Fewer funds make Beggars’ Colony poorer

Bangalore BBMP Business City

The three percent cess collected by the BBMP is not paid entirely to the Central Relief Committee that houses beggars in the city.     

Bengaluru: Bruhat Bengaluru Mahanagara Palike (BBMP) is yet to pay Rs 118 crore to the Central Relief Committee (CRC) that takes care of beggars in the city.

According to a CRC official, the BBMP is supposed to pay a certain amount of money to the centre every quarter for maintenance and since 2008, the balance to be paid has amounted to Rs. 118 crores. “Although we don’t have immediate issues in infrastructure and development, we’d still like to be paid the amount that’s rightly ours, after all, it belongs to the citizens of the city, isn’t it?” he asked. He added that they ask for the amount every year but they are yet to get it.

The Budget report of the BBMP (the latest available) states that for the year 2017-18 the BBMP received Rs. 47.67 crores as beggary cess. Out of that, only Rs. 21.15 crores has been paid to the CRC. The rest Rs 26.52 crore is yet to be paid.

However, this report states that the BBMP did pay Rs. 50 crore to the committee in 2019 after an order was passed by the Lokayukta Justice P Vishwanatha Shetty.

M Venkata Chalapathy, Joint Commissioner (Revenue) of BBMP said that the corporation is facing a cash crunch to pay off the money. “We don’t have sufficient money to pay staff salaries, paying money to CRC will take time,” he said.

The four types of cess you pay to the BBMP

The rehabilitation centre in Beggars’ Colony on Magadi Road houses 679 people (178 women and 501 men). According to the Karnataka Prohibition of Beggary Act, 1975, the BBMP is liable to collect cess from the residents of the city for the welfare of beggars on the streets. The idea is to prevent them from begging on the streets and make them self-reliant to eke out a living. . “Beggars who are picked from streets are given vocational training in agriculture, horticulture, handlooms and they are trained to look after themselves. We only keep them for a maximum of three years, but we pay them Rs. 75 a day for the work they do here,” said Shalini, a counsellor at the CRC.  

Rajanna, looked a little different from the rest of the inmates as he did not don a uniform. He heaved a sigh of relief as he said that he is happy leaving the CRC after one and a half years. “They pay the inmates for the work they do only at the end of the year. If they leave before that, they won’t get any money. It’s a problem, you see,” he said. According to him, they put the daily wages in each person’s account at the area post office, and if any inmate leaves before completing one year, whatever they earned, they would not get it. He could not explain the reason.  “I was picked up from a bus stand for no reason, and finally after a year and a half, I’m free,” he said giving a toothless smile.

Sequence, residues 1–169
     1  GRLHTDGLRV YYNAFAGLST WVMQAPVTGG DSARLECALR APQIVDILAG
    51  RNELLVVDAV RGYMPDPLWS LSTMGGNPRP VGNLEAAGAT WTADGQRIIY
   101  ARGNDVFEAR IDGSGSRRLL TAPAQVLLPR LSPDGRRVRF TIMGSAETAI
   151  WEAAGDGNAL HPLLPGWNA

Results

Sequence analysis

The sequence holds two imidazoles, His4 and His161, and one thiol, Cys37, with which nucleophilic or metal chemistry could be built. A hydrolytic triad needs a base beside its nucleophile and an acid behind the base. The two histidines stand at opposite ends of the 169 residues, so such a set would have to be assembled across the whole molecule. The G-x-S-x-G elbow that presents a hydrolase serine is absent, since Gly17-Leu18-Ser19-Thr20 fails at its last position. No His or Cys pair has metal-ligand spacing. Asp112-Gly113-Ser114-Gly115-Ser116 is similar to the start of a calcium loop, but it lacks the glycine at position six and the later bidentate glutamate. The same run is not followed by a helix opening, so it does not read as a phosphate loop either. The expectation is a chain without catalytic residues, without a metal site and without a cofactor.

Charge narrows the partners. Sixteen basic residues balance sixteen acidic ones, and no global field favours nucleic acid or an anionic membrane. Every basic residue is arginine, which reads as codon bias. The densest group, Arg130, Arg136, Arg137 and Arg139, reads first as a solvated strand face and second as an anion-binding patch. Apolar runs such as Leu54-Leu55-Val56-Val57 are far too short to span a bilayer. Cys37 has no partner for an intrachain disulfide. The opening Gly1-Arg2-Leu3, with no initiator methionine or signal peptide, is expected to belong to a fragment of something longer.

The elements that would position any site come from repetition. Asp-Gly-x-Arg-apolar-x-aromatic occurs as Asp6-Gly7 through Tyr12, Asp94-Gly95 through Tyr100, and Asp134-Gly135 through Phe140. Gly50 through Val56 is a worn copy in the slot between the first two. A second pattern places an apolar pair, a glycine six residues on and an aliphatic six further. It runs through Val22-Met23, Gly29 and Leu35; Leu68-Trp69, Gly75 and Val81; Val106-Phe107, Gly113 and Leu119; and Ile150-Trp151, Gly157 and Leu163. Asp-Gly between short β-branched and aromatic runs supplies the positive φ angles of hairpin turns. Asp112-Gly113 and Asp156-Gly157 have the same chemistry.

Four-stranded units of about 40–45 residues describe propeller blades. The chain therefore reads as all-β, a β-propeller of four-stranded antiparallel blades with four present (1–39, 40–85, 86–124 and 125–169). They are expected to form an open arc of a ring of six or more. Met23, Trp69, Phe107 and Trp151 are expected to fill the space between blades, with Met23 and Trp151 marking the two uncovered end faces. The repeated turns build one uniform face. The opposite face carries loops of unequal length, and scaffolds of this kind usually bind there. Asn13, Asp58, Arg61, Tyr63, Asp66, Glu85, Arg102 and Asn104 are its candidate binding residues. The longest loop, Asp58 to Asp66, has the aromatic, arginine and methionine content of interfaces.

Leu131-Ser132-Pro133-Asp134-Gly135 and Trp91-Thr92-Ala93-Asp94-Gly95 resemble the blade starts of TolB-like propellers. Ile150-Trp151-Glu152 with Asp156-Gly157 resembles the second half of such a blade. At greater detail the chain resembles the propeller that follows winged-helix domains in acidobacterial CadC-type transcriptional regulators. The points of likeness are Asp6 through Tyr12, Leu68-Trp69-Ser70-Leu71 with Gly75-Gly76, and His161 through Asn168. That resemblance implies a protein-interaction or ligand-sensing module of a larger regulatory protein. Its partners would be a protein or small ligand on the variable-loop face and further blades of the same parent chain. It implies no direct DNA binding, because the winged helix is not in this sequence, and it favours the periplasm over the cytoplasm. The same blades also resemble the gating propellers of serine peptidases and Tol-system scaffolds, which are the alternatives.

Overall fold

Picture credits: Central Relief Committee website.

Kathyayini Chamaraj, Executive Trustee of CIVIC, an NGO that works on urban governance in the city said that the CRC doesn’t have resources for beggars’ welfare. “It does not have better facilities because of less money, inmates are not happy about food, most of them leave and go back to begging, this is a major problem they face,” she said.

Narendra Naik, professor of sociology at Kamala Nehru College in Shivamogga said that Lokayukta should regulate and solve these problems. “This is a problem with government-run centres, they don’t pay the money on time and these rehabilitation centres bear the brunt of it and we all know some amount of corruption is involved,” he said.


6 thoughts on “Fewer funds make Beggars’ Colony poorer

  1. Highlighting the poor implementation of government’s schemes very well.

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